The office of Coroner dates back to the Norman Conquest. The coroner’s responsibility is to make inquiries into and report on the death of civilians in their jurisdiction. This includes:
- Completing a death cerfiticate, stating cause of death, for anyone who dies that was not under a doctor’s care in the twenty four hours preceding death.
- Verifying the identity of all dead bodies.
- Determining the cause of death in all instances where the deceased was imprisioned in a state, county, or city jail or in police custody.
- Determining the deceased’s next of kin and assuring their estate is disposed of in an appropriate manner.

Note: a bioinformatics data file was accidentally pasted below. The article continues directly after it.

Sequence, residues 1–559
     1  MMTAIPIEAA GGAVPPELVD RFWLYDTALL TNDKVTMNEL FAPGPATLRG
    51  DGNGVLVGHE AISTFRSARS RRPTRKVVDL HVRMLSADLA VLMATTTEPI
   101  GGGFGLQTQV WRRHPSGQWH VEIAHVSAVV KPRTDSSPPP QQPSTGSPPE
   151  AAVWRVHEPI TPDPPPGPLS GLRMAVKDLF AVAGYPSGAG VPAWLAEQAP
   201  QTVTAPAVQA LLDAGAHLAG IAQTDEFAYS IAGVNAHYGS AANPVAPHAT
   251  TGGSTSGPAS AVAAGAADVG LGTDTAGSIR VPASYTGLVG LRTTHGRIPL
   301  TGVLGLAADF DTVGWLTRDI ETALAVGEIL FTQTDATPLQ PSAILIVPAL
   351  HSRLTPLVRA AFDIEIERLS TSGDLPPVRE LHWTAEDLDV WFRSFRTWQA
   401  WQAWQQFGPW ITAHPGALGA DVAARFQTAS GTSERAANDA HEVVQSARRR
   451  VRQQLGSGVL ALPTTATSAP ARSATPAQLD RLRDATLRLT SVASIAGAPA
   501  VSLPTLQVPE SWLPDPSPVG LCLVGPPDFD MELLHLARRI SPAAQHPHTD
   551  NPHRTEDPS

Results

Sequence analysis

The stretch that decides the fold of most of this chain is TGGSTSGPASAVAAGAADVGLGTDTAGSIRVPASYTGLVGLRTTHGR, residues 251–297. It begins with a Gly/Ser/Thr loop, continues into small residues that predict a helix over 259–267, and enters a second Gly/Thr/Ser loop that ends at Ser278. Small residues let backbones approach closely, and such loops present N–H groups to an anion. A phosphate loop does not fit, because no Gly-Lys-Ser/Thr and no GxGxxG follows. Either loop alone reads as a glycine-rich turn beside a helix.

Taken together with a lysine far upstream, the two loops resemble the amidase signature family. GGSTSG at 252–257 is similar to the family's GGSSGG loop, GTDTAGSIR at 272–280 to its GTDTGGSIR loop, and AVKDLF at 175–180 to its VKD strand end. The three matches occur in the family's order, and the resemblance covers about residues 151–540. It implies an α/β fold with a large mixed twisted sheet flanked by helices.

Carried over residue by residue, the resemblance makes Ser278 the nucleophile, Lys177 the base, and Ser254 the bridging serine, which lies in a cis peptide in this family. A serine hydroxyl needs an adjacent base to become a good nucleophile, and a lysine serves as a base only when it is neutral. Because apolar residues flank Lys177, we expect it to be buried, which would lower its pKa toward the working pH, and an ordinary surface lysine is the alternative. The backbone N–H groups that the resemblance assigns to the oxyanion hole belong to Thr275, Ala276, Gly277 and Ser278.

- Insuring that all bodies in his jurisdiction are disposed of legally.
- Holding an inquest whenever the cause of death cannot be determined or is suspicious.
There is no legal qualification to becoming a coroner. In many rural counties, the sheriff is also coroner. In others, the coroner is a trusted member of the community such as an undertaker, lawyer, or even saloonkeeper. However, with the increased study of forensic anatomy and pathology, it is becoming fashionable to nominate physicians to the post.